Some academically oriented readers may get a bit upset at this statement, but most financial derivatives pricing in practice comes down to this basic formula. The net present value (NPV) of a derivatives contract can be expressed as a sum of expected cash flows (C), weighted by the probabilities of that payout (P), discounted to valuation date using discount factors (D).
For an infinite number of possible payouts, such as an option (for example Cashflow = Max [Spot - Strike, 0]) the sum simply becomes an integral. The basic approach however remains the same.
In the past few decades the approaches to derivatives pricing focused on the cash flows and the probabilities. When it came to the discount factors, in most instances the recipe has not changed. Academic literature prescribes the building of the zero coupon LIBOR curve using BBA's LIBOR settings (at the short end), LIBOR futures, and LIBOR interest rate swaps further out. Using the so-called "bootstrapping" and some sort of interpolation technique (there is a whole science about how to interpolate for gaps in the swap curve), a zero coupon curve is built. The discount factors to be used for derivatives pricing are then derived from that that curve.
But in the past few years practitioners have been asking the question: is LIBOR really relevant for discounting derivatives cash flows? In the age of bilateral master derivatives agreements (Credit Support Annex or "CSA") when each counterparty is expected to post margin, what is the true financing cost of derivatives cash flows? The answer for most cases turns out to be quite simple. Generally the interest on collateral posted by one party to another is Fed Funds or its equivalent in another currency. The cost of funds for a derivatives contract is basically the overnight effective rate. And for most currencies there is an active market to price overnight rates expectations years into the future. It is called the Overnight Index Swap (OIS) market (see this post for more information). The chart below shows the term structure of JPY OIS for example.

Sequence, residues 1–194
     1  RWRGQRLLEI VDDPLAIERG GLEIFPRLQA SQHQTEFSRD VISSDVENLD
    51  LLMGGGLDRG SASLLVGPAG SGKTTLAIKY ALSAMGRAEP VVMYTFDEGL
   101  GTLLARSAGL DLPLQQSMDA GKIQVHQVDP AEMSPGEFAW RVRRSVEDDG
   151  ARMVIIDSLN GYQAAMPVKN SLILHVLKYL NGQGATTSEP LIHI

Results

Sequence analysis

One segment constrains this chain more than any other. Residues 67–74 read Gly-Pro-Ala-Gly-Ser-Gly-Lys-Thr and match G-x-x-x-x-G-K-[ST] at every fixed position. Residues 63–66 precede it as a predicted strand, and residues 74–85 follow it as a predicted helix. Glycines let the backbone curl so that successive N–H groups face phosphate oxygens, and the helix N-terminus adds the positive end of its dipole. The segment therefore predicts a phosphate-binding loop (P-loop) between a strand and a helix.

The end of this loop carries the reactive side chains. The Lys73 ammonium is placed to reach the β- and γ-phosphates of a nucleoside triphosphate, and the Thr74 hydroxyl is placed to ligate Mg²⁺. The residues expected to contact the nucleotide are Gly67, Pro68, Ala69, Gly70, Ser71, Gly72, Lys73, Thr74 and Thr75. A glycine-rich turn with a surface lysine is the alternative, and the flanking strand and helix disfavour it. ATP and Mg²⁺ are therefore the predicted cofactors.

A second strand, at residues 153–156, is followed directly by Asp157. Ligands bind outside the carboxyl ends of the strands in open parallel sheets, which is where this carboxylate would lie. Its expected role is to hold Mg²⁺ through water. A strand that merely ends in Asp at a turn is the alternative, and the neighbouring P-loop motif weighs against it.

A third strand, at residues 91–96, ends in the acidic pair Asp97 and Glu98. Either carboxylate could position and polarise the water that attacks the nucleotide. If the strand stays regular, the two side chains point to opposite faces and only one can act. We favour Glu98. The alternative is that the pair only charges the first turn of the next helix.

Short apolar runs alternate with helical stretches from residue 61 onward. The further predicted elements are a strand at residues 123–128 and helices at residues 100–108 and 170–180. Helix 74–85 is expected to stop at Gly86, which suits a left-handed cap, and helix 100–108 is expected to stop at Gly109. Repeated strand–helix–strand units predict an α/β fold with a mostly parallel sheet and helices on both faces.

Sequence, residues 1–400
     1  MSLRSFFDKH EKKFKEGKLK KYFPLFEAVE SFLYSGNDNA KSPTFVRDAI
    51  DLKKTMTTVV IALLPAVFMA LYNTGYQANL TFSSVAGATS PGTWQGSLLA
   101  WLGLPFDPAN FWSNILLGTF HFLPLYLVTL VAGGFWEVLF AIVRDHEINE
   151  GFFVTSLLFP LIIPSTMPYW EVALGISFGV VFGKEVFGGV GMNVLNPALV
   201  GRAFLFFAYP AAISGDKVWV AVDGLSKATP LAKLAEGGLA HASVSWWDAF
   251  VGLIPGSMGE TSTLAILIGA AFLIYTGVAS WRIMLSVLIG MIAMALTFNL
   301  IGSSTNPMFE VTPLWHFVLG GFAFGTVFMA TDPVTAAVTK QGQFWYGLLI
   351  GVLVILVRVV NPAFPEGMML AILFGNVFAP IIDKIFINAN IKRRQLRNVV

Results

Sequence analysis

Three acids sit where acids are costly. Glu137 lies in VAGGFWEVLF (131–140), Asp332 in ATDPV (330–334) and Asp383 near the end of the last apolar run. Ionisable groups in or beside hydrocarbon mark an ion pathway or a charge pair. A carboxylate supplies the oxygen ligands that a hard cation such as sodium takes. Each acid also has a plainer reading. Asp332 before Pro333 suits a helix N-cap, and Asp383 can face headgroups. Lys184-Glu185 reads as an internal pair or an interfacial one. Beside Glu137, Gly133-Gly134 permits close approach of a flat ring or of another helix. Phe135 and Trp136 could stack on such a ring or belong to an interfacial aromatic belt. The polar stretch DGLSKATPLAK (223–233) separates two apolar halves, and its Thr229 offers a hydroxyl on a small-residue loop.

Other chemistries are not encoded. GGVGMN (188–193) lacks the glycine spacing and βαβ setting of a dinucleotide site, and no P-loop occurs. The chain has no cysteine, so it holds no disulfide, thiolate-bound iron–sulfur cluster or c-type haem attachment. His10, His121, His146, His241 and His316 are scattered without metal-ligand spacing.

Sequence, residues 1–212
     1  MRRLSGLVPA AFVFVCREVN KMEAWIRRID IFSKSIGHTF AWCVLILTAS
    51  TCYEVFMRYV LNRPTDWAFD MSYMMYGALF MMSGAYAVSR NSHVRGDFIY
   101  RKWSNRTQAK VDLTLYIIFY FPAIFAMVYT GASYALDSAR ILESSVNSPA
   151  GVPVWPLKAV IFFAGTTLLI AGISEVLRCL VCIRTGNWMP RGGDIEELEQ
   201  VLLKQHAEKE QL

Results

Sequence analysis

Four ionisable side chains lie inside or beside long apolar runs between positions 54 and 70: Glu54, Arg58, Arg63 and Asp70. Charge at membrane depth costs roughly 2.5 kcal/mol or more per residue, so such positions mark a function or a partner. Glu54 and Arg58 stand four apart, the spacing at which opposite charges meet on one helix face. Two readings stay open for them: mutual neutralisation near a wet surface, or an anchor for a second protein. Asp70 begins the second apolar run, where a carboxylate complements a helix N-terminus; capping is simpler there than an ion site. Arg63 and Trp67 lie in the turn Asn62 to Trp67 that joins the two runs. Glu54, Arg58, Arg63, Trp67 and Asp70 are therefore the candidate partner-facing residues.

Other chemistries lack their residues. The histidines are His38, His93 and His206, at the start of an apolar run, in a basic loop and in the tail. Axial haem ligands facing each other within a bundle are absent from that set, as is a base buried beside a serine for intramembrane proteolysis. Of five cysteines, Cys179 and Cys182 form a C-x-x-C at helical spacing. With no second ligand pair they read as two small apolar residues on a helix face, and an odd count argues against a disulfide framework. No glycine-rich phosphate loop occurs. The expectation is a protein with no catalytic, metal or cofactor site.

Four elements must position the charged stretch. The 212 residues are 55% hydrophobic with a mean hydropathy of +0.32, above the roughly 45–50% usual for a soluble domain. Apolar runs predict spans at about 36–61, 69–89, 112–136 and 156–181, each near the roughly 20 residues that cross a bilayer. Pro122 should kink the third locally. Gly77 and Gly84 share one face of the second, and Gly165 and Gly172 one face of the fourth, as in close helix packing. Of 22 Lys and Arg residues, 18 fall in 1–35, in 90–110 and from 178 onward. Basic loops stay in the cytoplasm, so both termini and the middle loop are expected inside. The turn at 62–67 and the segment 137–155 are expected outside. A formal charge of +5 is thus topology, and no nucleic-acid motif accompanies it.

|Yen OIS curve|
Converting this OIS term structure into a zero coupon curve provides a more appropriate set of discount factors that reflect the true cost of cash flow financing. To the extent there is another collateral arrangement, the discounting should be adjusted to reflect the appropriate costs. This is already the standard for discounting interest rates swaps and is becoming common in CDS as well. Using the LIBOR curve simply because it has always been done that way is no longer appropriate, as it does not reflect the actual cost of funds. Most academic derivatives pricing literature is yet to be adjusted to reflect this fact.
JPMorgan: - Differential discounting is the practice of valuing derivative contracts using discount rates that are specific to the terms of governing collateral agreements. Using discount rates that do not reflect the terms of specific collateral agreements can misprice the full economics of derivative transactions.
Typically, the yield on USD cash-collateral in a CSA is based on Fed funds rather than on Libor. This means that derivative subject to collateral agreements should be values using OIS rather than Libor swap rates, which have historically been used for valuing derivative transactions. Over the past few years, the basis between Libor and OIS rates increased significantly and currently stands at 30bp in USD and 29bp in EUR for a 3-month swap. So while valuing a derivative contract using OIS rather than Libor would have had little impact in the past, over the past few years, it has had an increasing impact.